The annual competition aimed at innovative use of wild Alaska seafood used to focus strictly on products offered into retail and food service markets, plus a special category for smoked products, but more recently expanded into two new categories that welcome the use of wild Alaska seafood products in everything from pet treats to fish leather and jewelry items.

Retail entries this year include a variety of salmon, pollock, halibut and cod products from Trident Seafoods, Ocean Beauty Seafoods, Orca Bay Seafoods, Morey’s, Trapper’s Creek Smoking Co., Bambinos Baby Food and Odyssey.

Food Service entries are from Trident Seafoods, Orca Bay Seafoods and Deckhand Seafoods.

Beyond the Plate entries include salmon leather wallets and belts from Tidal Vision, key fobs, money clips and jewelry created by From the C, and an anti-aging skin serum that includes cold pressed wild Alaska salmon oil, from ArXotica. The lone entry in the Beyond the Egg category is salmon caviar from the Alaska Seafood Company.

All entries will be evaluated by a panel of judges, based on packaging and presentation, overall eating/consumer experience, price and potential for commercial success. First, second, third and grand prize winners will be announced on Feb. 19 at the Marriott Hotel in Anchorage. Other gala Symphony events will be held earlier, on Feb. 10 in Seattle, and Feb. 16 in Juneau.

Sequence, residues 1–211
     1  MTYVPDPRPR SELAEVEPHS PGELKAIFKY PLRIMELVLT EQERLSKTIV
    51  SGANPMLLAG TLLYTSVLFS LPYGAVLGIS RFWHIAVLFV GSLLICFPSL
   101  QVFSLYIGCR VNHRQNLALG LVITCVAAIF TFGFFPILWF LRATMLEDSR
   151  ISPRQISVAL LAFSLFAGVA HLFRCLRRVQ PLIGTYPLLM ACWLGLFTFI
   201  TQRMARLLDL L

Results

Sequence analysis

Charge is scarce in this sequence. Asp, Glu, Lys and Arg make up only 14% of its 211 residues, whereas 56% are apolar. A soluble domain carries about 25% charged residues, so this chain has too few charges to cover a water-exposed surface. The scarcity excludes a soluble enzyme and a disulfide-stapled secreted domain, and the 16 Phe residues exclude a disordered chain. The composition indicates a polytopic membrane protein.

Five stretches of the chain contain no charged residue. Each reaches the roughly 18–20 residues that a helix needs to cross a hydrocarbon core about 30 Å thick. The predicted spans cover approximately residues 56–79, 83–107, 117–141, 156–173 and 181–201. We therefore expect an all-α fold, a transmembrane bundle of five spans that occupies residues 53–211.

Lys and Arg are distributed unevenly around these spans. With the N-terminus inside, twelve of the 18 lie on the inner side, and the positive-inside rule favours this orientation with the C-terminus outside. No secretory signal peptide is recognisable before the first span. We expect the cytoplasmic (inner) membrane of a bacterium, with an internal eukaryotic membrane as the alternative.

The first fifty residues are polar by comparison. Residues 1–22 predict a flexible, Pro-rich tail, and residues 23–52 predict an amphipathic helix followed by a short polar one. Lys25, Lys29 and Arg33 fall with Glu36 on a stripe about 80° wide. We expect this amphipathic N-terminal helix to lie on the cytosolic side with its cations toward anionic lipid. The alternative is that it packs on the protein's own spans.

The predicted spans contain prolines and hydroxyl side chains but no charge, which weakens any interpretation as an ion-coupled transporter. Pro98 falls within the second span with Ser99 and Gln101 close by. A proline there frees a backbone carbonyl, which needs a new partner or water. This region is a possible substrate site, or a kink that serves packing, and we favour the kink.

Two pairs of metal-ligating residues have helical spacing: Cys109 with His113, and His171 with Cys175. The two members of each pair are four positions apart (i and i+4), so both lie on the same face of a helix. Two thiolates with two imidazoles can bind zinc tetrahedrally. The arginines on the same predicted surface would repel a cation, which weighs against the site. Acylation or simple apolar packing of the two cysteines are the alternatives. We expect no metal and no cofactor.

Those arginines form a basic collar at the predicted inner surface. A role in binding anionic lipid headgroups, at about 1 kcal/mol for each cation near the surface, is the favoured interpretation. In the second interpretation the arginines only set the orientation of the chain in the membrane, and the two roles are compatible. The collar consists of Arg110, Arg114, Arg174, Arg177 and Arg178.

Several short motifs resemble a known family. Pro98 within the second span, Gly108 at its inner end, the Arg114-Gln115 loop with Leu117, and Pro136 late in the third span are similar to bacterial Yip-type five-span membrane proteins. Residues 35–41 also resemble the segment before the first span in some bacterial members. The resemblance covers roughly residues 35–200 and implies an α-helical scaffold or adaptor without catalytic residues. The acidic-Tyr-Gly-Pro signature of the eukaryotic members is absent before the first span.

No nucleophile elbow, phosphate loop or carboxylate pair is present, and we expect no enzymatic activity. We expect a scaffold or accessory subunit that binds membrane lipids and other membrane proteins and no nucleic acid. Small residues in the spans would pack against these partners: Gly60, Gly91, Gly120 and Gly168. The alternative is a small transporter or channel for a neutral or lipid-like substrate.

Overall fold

First place winners will be given an opportunity in March to market their products at Seafood Expo North America in Boston.

The Alaska Fisheries Development Foundation has organized the Symphony since 1993 to promote value-added product development of seafood harvested in Alaska. More information is online at www.afdf.org/symphony-of-seafood


Major sponsors of this year’s event include Alaska Air Cargo, Alaska Seafood Marketing Institute, United Fishermen of Alaska, At-Sea Processors Association, Aleutian Pribilof Island Community Development Association, Northwest Fisheries Association, Marel and the Marine Stewardship Council.

Wednesday, January 20, 2016

Impact of Alaska Seafood Studied